Why do you enjoy certain non-fiction books? Is it…
“I like that because I’m like that.”
The author grappling hooks us with experiences, a cause, and or belief that we hold near and dear.
Maybe we’ve been led to the book by a breadcrumb trail of interest and it didn’t disappoint.
Or perhaps, like a young maiden infatuated with Cinderella, the book represents something we yearn for.
Call me a fan of Cinderella. In the late 1990’s I was smitten with books on customer service. It seemed like Patty Seybold and her seminal book Customers.com, held a place in reality that I couldn’t seem to experience in the HVAC industry.
I used to think, “why can’t leaders in our industries see the importance of Patty’s view!?” (Not to mention a bazillion other authors who wrote on the same subject as it related to the dawning 21st century).
Then in 1999, like a match to a pile of yearning, dry timber, a book hit the stands that absolutely torched me. The four authors put words to my burning desires.
“Okay Dave, put the pen down and slowly back away from the metaphors. Jeepers!”
In early 1999, Rick Levine, Christopher Locke, Doc Searls, and David Weinberger published the revolutionary Cluetrain Manifesto to the web as 95 Thesis. Readers could sign their names along with whatever they wished to write. I signed and contributed to it.
These are the first 3 points of the 95 Thesis:
Markets are conversations.
Markets consist of human beings, not demographic sectors.
Conversations among human beings sound human. They are conducted with a human voice.
The book, The Cluetrain Manifesto: The End of Business as Usual, was published in December 1999. (The link here is to the 10th Anniversary Edition).
The following are points 14, 15, and 25. This is why I was so in love with Cinderella.
Corporations do not speak in the same voice as these new networked conversations. To their intended online audiences, companies sound hollow, flat, literally inhuman.
In just a few more years, the current homogenized “voice” of business — the sound of mission statements and brochures —will seem as contrived and artificial as the language of the 18th-century French court.
Companies need to come down from their Ivory Towers and talk to the people with whom they hope to create relationships.
20 plus years later and many corporations remain clueless. The thread of, “you don’t know your market, you don’t know how to relate to them and you don’t know how to talk with them,” course through the 95.
Point 14, “Conversations do not speak in the same voice…” sparked today’s article. Along with Trapper Barnes of Infinity Texas Air, we did a webinar with Jackie Rae Aubel of ServiceTitan on the subject of Transformational Leadership.
When you think company, do you think human? When it comes to ServiceTitan, the world’s leading software technology platform for the skilled trades, I do. Why? Because of folks like Jackie.
ServiceTitan is the Google of their industry. Their software is leading-edge, technical and efficient. Yet, as sophisticated as this sounds, there is Jackie Rae Aubel orchestrating our webinar from her kitchen. This is in part what it means to be human. Another part is how Jackie relates with viewers.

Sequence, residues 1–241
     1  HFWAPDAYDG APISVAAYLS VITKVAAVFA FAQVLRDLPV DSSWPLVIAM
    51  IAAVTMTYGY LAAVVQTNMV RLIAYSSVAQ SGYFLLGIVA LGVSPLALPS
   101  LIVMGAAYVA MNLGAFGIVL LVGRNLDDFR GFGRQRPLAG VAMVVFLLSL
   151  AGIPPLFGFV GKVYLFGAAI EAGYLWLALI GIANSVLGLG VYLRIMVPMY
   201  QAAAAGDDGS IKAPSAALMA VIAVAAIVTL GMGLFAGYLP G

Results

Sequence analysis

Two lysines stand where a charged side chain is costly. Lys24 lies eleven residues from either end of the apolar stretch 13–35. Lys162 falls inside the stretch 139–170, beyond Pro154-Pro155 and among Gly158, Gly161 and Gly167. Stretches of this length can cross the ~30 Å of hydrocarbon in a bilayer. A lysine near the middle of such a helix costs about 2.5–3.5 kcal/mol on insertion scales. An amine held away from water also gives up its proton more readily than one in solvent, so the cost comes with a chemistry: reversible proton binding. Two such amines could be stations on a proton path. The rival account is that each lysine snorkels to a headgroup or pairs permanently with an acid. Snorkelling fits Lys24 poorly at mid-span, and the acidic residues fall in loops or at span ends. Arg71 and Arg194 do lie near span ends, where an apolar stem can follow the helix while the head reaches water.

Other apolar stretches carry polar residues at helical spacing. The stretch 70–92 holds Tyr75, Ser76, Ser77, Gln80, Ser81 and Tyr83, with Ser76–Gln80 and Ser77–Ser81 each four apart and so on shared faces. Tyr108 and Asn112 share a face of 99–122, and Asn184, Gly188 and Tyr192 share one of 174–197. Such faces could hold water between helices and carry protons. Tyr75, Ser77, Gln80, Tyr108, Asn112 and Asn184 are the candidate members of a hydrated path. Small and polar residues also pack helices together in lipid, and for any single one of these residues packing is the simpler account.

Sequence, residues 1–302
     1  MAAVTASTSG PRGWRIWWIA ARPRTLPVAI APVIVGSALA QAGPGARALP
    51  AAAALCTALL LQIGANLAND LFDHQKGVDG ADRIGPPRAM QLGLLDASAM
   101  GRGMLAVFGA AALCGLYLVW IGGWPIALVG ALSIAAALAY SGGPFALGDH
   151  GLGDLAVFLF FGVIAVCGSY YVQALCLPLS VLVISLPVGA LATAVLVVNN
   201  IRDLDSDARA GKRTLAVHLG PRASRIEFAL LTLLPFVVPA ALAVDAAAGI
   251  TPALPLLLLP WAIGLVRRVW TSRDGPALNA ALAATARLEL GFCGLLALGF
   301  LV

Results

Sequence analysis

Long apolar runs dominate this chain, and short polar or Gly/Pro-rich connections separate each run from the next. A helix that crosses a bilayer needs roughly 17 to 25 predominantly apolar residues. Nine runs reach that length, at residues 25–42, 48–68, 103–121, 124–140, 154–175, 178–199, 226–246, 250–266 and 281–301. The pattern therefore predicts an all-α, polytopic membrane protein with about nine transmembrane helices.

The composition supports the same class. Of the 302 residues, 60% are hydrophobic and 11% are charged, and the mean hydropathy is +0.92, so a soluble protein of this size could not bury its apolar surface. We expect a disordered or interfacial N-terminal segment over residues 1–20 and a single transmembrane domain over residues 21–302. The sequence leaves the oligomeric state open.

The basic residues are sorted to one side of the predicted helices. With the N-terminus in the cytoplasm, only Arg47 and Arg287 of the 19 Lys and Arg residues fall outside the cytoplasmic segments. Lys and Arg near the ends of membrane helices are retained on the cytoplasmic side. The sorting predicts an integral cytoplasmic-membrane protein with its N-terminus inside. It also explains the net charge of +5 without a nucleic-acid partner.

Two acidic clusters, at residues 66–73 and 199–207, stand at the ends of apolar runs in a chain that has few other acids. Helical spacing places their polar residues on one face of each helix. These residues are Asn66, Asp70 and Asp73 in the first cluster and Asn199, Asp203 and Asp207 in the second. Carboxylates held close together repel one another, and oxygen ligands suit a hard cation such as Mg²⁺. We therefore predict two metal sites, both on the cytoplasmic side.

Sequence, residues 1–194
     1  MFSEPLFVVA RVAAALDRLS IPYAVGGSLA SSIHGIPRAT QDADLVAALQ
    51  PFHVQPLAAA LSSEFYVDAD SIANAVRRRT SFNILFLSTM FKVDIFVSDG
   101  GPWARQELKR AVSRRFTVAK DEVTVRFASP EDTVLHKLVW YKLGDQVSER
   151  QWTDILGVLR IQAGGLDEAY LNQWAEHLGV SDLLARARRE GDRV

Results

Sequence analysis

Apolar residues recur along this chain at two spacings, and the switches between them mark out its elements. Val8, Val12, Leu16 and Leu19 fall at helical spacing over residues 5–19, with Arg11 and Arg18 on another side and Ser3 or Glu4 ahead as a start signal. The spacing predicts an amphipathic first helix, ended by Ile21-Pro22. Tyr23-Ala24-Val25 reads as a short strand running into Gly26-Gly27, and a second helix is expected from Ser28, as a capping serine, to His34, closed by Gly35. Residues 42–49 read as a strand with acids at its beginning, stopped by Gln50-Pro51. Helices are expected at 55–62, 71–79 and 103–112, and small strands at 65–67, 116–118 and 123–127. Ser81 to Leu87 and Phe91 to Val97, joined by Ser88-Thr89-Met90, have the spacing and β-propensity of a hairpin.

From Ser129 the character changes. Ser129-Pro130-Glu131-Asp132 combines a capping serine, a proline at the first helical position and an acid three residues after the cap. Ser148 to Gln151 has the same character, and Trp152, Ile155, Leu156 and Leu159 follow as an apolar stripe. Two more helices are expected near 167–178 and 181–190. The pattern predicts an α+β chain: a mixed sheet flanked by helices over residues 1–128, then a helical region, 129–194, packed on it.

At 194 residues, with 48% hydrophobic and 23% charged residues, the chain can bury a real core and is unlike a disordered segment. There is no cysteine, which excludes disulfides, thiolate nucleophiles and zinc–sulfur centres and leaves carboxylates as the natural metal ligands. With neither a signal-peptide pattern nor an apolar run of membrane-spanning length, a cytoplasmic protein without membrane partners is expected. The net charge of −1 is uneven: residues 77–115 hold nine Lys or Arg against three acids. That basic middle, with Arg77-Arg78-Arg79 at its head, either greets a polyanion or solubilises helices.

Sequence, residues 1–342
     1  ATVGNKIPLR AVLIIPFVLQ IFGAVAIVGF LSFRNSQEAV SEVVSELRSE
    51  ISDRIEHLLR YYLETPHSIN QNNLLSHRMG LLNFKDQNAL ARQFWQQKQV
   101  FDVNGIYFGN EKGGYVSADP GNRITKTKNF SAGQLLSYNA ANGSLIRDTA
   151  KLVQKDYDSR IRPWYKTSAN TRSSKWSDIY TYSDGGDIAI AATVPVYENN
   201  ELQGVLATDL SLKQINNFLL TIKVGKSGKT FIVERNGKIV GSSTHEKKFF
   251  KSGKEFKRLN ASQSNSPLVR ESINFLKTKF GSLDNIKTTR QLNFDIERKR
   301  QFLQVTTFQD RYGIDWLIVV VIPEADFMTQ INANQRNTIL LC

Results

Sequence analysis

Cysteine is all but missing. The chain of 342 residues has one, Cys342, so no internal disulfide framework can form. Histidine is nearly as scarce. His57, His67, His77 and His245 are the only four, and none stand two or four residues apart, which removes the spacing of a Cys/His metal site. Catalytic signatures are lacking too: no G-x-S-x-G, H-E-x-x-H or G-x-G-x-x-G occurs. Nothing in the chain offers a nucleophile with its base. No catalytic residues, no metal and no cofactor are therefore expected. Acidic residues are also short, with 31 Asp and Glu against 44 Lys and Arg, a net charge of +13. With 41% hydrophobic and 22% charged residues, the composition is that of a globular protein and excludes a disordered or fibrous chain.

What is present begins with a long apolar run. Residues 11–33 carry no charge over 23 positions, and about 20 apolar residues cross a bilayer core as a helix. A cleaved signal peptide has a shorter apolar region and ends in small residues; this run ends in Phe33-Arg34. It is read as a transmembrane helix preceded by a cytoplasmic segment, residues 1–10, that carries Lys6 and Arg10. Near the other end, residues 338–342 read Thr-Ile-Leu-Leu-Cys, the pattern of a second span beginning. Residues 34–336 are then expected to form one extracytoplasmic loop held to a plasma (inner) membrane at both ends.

A great deal of my writing over the years has been dedicated to companies who employ folks like Jackie. Whether they’re authors, business owners or coworkers, I love to write about people who are good at what they do, who love what they do and the companies they’re associated with.
When deciding to write about a company, I ask myself:
Do they deliver top shelf products and or services?
Do they employ folks like Jackie?
Do they let folks like Jackie come out and play?
Are they making a difference?
Are they human?
Still not sure how being human can relate to a company? Be sure to read through the 95 Thesis!
Because I love to explore companies and people, I’m often asked to recommend a company. There are some companies I recommend where I’ve never experienced their actual product. ServiceTitan is one.
Yikes! I just felt you recoil.
“Oh man Dave, don’t tell me you’re paid to recommend!”
Although when it comes to books, I am an Amazon Affiliate, I’ve never accepted a dime to recommend a company. My recommendations come from my heart.
The last time I interacted with a residential service software system was nearly 20 years ago. It was DOS-based. Here’s the thing. As a Mentor within the Service Nation Alliance, I am surrounded by some of the most elite contractors in the country. I don’t need to look at one ServiceTitan screenshot to know how effective their software is. The fact that over 95% of the contractors I interact with use it, tells me most of what I need to know. The other reasons are the same reasons I write about companies.
Of course, when it comes to ServiceTitan, there’s one more reason. I spent two years interviewing, interpreting, and working with Ben Stark and Chris Hunter to help write their evolutionary and transformational tale, where they went from service techs to entrepreneurs to creators-of-wealth*.
As contractors, they used ServiceTitan. I heard and felt it first hand.
Does this all sound like an endorsement of ServiceTitan?
It is. And I hope by now, you realize my motivation. Their customers don’t deal with ServiceTitan. They deal with Jackie Rae Aubel, Valerie Pope, Leslie Gildea, Tom Howard, Angie Snow, Chris Hunter and SO many other human beings.
I like that because I’m like that.
*The book, It’s Go-Time: Ben Stark and Chris Hunter Share Insights & Strategies to Help Your Home-Service Succeed! is at the printer now. We are currently offering a deep pre-order discount. This offer evaporates the day It’s Go-Time hits the street. Most companies are also ordering copies for their managers. Order a box today!